While there is some crazy taxidermy out there, (like the dog rug previously mentioned or the deceased cat turned into a drone), Baril wants to create something modest and beautiful for people who are grieving the loss of a loved one. Game taxidermy is one thing, but pet taxidermy takes things to a whole other level.

“Pet clients are very emotional when I meet them. They are grieving. It’s also a big facet of my job that people don’t see; having to console these grieving clients and reassure them,” Baril explained. “Other taxidermists do not have this problem. When we talk about a domestic cat, who stayed with its owner for 18 years, I have no room for error. It’s a very delicate situation. I don’t want my client to not recognize their animal and go through a second mourning.” 

Baril loves to work with domestic cats and refuses to perform on any sort of wild animal; she sees no point. In her mind, taxidermy is an art based on respect and love. In fact, Baril fell into the industry faster than anticipated simply because she saw so much bad taxidermy done with little care.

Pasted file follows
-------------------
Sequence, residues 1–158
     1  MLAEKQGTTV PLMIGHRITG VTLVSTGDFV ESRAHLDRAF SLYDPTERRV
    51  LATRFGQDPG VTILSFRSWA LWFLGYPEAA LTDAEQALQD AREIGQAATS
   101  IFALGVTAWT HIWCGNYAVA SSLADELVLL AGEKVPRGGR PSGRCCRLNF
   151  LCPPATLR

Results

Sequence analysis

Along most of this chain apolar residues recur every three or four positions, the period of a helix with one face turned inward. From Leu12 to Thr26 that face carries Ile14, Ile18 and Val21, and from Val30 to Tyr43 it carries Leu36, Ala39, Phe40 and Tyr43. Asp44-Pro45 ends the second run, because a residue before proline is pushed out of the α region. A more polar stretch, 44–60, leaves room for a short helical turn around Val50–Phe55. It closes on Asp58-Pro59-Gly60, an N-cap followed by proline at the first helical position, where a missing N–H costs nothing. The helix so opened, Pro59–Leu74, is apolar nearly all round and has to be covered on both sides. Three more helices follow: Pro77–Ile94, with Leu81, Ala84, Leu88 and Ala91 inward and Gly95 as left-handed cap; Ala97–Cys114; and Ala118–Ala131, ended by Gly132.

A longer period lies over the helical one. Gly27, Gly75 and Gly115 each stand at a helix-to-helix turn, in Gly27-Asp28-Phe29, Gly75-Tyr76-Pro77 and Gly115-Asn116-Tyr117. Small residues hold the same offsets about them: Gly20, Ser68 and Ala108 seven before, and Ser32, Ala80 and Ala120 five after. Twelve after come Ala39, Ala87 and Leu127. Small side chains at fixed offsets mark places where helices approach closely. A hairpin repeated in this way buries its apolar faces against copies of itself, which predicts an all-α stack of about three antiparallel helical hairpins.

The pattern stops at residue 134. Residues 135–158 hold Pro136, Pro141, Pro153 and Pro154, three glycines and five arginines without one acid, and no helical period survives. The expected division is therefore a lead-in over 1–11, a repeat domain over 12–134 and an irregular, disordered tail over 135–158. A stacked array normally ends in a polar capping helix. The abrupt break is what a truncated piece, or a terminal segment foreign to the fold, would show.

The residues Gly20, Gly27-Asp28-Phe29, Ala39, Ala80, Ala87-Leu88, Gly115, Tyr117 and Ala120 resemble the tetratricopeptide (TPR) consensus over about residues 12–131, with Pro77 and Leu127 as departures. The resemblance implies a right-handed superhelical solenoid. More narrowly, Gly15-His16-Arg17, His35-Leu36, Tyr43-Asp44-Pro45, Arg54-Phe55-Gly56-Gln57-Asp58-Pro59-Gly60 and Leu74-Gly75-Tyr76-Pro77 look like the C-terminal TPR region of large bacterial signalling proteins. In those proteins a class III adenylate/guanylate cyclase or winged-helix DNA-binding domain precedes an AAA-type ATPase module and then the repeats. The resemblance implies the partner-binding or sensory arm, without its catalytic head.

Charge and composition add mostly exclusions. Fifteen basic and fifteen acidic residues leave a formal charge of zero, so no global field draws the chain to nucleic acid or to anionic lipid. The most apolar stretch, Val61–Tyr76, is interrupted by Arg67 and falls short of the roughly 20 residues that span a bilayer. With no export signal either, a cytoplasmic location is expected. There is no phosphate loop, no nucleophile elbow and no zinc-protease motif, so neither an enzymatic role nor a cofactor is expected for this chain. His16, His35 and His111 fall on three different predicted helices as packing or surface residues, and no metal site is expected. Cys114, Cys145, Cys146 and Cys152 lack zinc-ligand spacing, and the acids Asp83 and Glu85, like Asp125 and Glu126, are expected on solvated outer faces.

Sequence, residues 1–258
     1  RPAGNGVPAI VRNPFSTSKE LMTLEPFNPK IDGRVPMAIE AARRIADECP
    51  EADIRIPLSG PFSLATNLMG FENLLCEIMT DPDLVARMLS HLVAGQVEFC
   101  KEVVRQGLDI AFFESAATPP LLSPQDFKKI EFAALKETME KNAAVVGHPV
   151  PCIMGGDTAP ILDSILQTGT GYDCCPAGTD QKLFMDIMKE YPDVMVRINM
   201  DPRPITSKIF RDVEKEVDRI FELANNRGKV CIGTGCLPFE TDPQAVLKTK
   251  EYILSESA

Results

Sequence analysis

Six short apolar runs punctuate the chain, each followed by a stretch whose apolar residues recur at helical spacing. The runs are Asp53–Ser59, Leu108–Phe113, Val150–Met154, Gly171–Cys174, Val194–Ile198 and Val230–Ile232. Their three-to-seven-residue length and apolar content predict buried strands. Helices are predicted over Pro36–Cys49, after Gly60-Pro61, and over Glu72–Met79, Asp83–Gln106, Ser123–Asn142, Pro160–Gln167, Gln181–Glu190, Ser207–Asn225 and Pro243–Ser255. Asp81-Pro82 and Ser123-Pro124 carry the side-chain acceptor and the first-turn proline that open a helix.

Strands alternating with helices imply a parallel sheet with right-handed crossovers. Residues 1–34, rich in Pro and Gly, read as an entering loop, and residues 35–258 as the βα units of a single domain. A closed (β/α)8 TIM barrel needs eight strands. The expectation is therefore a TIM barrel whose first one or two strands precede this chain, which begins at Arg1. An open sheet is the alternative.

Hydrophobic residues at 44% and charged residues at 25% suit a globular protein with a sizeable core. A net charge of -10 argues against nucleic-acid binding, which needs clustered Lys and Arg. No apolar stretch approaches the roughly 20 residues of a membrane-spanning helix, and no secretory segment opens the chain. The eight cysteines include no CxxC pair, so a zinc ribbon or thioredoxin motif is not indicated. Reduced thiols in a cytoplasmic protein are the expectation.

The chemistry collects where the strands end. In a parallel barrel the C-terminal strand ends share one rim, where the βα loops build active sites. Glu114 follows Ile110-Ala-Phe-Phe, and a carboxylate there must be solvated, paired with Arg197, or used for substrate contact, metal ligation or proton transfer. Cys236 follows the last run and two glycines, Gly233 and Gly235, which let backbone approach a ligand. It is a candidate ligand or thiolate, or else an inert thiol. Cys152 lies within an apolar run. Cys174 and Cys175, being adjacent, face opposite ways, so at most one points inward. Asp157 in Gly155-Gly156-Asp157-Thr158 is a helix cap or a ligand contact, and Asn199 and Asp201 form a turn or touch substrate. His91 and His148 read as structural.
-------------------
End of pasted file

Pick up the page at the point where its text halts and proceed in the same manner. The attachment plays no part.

“It was when I realized that most of the taxidermy of cats that I saw on the internet was horrible and uncomfortable,” Baril mentioned. “I wanted to see if I would be able to pay homage to them. Cats are magnificent creatures and do not deserve to be ‘stuffed’ so poorly.”

Social media is a double-edged sword for Baril and most pet taxidermists. While some people love and appreciate what taxidermists do and are interested in behind-the-scenes material, others are outraged. 

“It pains me a lot when strangers bully me, send me hate messages, and even death threats. They are simply uneducated; I don’t blame them,” Baril said. “ But I don’t always have the time and the psychological strength to talk to them individually and to explain to these people in great detail that what I am doing is good and done with love.”

And while Baril does offer her services for grieving owners, taxidermy is not her preferred way to cope with the loss of a pet. She understands she has a talent that comforts people, but she cannot bring herself to stuff her own pets. Any pet she has lost has a special place in a pet cemetery with headstones and blooming flowers. 

Pet taxidermy, like most trends, will come and go and come back again. While it is not everyone’s cup of tea, when done respectfully, (again, not turned into a rug or drone) it can be a beautiful art. 

To see Baril’s work, check her out on at @May.jackelope on Instagram.

About Carmen Macri

Juggling school and work full-time, Carmen Macri has always managed to find time for the things she loves, like writing. Carmen is a student intern at Folio. Here she tackles much more than writing; she is our on-street reporter for the online segment “Folio’s Freaky Friday” as well as shooting photos for her own stories.